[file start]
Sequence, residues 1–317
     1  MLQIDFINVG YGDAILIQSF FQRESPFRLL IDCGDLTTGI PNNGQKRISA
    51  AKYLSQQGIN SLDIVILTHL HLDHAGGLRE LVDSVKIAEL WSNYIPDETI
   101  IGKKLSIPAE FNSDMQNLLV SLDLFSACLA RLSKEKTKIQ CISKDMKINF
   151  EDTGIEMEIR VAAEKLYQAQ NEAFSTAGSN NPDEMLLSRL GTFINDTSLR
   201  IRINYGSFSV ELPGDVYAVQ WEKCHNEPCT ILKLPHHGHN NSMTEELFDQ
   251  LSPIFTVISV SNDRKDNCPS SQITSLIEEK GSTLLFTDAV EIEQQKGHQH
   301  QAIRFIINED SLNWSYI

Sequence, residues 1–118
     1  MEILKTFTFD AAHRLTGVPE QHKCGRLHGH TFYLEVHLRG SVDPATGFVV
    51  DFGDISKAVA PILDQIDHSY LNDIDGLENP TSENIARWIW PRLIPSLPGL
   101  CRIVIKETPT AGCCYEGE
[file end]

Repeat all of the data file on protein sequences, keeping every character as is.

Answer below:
Sequence, residues 1–317
     1  MLQIDFINVG YGDAILIQSF FQRESPFRLL IDCGDLTTGI PNNGQKRISA
    51  AKYLSQQGIN SLDIVILTHL HLDHAGGLRE LVDSVKIAEL WSNYIPDETI
   101  IGKKLSIPAE FNSDMQNLLV SLDLFSACLA RLSKEKTKIQ CISKDMKINF
   151  EDTGIEMEIR VAAEKLYQAQ NEAFSTAGSN NPDEMLLSRL GTFINDTSLR
   201  IRINYGSFSV ELPGDVYAVQ WEKCHNEPCT ILKLPHHGHN NSMTEELFDQ
   251  LSPIFTVISV SNDRKDNCPS SQITSLIEEK GSTLLFTDAV EIEQQKGHQH
   301  QAIRFIINED SLNWSYI

Sequence, residues 1–118
     1  MEILKTFTFD AAHRLTGVPE QHKCGRLHGH TFYLEVHLRG SVDPATGFVV
    51  DFGDISKAVA PILDQIDHSY LNDIDGLENP TSENIARWIW PRLIPSLPGL
   101  CRIVIKETPT AGCCYEGE